New research from David Gutmann, MD, PhD, may help doctors determine which medical issues are likely to manifest in patients with the inherited cancer syndrome neurofibromatosis type 1 (NF1). The findings indicate that varying mutations in the NF1 gene may lead to different clinical outcomes.
New insight into one of the most common inherited causes of brain tumors may help physicians diagnose and treat the learning disabilities that often accompany the condition, neurofibromotosis 1. The School of Medicine’s David H. Gutmann is the study’s senior author.
Scientists are eager to make use of stem cells’ extraordinary power to transform into nearly any kind of cell, but that ability also is cause for concern in cancer treatment. New research at the School of Medicine has revealed that these stem cells are present even in slow-growing, less aggressive tumors.
The causes of learning problems associated with an inherited brain tumor disorder are much more complex than scientists had anticipated, researchers at Washington University School of Medicine in St. Louis report.
Insights from a genetic condition that causes brain cancer are helping scientists better understand the most common type of brain tumor in children.
The Washington University Neurofibromatosis (NF) Center at will host its first research symposium May 4. The event will focus on clinical and basic science research on neurofibromatosis 1, an inherited condition that increases risk of brain tumors in children and adults.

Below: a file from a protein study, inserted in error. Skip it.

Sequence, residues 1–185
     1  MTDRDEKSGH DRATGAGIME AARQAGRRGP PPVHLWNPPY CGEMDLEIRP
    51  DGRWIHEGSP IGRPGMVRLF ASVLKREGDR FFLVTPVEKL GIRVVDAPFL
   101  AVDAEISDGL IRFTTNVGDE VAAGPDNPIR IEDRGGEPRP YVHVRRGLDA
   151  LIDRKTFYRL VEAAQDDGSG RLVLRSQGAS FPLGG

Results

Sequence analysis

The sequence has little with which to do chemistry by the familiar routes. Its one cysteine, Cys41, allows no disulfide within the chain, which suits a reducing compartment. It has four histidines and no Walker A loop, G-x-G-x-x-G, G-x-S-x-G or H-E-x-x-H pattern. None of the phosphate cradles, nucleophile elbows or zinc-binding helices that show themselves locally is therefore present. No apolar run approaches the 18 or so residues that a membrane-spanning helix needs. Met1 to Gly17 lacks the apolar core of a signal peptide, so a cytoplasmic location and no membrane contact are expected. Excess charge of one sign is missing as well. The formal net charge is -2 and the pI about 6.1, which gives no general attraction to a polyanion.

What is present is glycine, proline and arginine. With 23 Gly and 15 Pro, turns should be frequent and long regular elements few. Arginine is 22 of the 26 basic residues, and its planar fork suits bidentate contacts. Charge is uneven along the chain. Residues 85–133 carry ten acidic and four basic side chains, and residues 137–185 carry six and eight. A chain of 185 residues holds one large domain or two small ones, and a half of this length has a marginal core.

Scientists have developed a way to evaluate new treatments for some forms of attention deficit disorder. Working in mice, researchers at the School of Medicine showed that they can use brain scans to quickly test whether drugs increase levels of dopamine. The same group found that raising dopamine levels in mice alleviates attention deficits caused by neurofibromatosis type 1 (NF1), a condition that affects more than 100,000 people in the United States.
With support from a new $3.3 million American Recovery and Reinvestment Act grant from the National Institute of Neurological Disorders and Stroke, researchers at Washington University School of Medicine in St. Louis are hunting for normal cells that help brain tumors form and grow
A genetic condition that increases risk of brain tumors may also impair development of the brain system that facilitates attention, according to researchers at Washington University School of Medicine in St. Louis.
Nerve cells in the body and brain react in opposite ways to the loss of a protein linked to a childhood tumor syndrome, researchers at Washington University School of Medicine in St. Louis have found. The finding could be important to efforts to preserve the vision of patients with neurofibromatosis 1, a genetic condition that increases risk of benign and malignant brain tumors.